The Irish economy's increased productive capacity is sometimes attributed to these investments, which made Ireland more attractive to high-tech businesses, though the libertarian Cato Institute has suggested that the EU transfer payments were economically inefficient and may have slowed growth. The conservative Heritage Foundation attributed to transfer payments no significant role in causing growth. Ireland's membership in the EU since 1973 helped the country gain access to Europe's large markets. Ireland's trade had been predominantly with the United Kingdom. In the 1990s, the provision of subsidies and investment capital by Irish state organisations encouraged high-profile companies, such as Dell and Microsoft, to
Unite the Union
Unite the Union known as Unite, is a British and Irish trade union, formed on 1 May 2007, by the merger of Amicus and the Transport and General Workers' Union. With just over 1.2 million members, it is the second largest trade union in the UK. The General Secretary of Unite is Len McCluskey. On 2 July 2008, Unite signed an agreement to merge with the United Steelworkers to form a new global union entity called Workers Uniting which represents over 3 million members in the United Kingdom, the Republic of Ireland and North America. Unite retains its separate identity in the United Kingdom; as part of the merger process, a Joint Executive Council took office on the vesting day. In March 2008, a new Executive Council for the expanded Union was elected, taking office on 1 May 2008 and having a three-year term; the Executive Council was tasked with putting a new Unite rulebook to a postal ballot of members during July 2008. The rule book was accepted by a majority of members and will not be subject to amendment until a Rules Conference is held.
The first reduced unified Unite Executive Council was elected in 2011 The first single General secretary of Unite Len McCluskey was elected in December 2010 on a platform of unification and standing for one term of office only. The Unite special Rules Conference in 2010 agreed a rule change including a formula for how seats will be allocated on the UNITE Executive Council which takes office in 2011. There are a number of factions within Unite. Unite Now, A growing active movement established in 2011, "moderate left" It presents itself as an independent movement for lay members and officers. Supported Len McCluskey in his first election but they opposed the calling of an early General secretary election in 2013. Unite Now campaigns for greater transparency in the union and are critical of the unions centralised hierarchical decision making structures, they campaign for greater financial transparency, a move away from the current centralised executive powers with a more independent Executive Council which has set term limits.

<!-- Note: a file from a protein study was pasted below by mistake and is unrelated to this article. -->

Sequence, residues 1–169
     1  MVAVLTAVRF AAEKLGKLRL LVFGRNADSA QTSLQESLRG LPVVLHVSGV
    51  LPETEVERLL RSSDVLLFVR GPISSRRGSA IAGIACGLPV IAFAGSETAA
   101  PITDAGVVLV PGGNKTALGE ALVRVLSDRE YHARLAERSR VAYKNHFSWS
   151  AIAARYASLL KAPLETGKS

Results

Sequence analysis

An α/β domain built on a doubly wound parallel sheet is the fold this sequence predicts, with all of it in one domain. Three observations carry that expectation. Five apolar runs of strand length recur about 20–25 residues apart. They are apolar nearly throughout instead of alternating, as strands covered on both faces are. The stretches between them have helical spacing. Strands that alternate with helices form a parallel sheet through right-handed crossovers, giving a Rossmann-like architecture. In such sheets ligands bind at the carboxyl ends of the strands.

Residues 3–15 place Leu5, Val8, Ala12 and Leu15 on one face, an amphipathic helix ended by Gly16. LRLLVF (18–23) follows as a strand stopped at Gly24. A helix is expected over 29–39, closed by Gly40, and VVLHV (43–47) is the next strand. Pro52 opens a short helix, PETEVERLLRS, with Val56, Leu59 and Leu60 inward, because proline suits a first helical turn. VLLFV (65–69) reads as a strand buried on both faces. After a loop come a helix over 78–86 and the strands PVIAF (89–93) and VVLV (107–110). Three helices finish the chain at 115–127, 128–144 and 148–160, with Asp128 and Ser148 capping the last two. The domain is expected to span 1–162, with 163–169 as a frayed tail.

Not aligned to any political section of the union it has grown in influence within lay activist ranks and key manufacturing sectors of Unite. United Left, the main left grouping, which includes supporters of the Labour Party, the Socialist Workers Party and the Communist Party of Britain. Supported Len McCluskey in his election. On the 9 October 2008 the executive council of Unite announced that there would be an election for the General Secretary, with a timetable of January/February 2009 for the election, the results being announced in March 2009; this election was for a fixed term until December 2010. The Executive council postponed the adoption of the new rule book and integration until May 2009; this action was taken in light of the potential success of a legal challenge to Simpson's extension of tenure by a "single member" of the union. Jerry Hicks, a former member of the union's Executive and its General Purposes and Finance Committee and unfairly dismissed convenor of Rolls Royce at Bristol, disclosed at the outset that he was the person behind the challenge.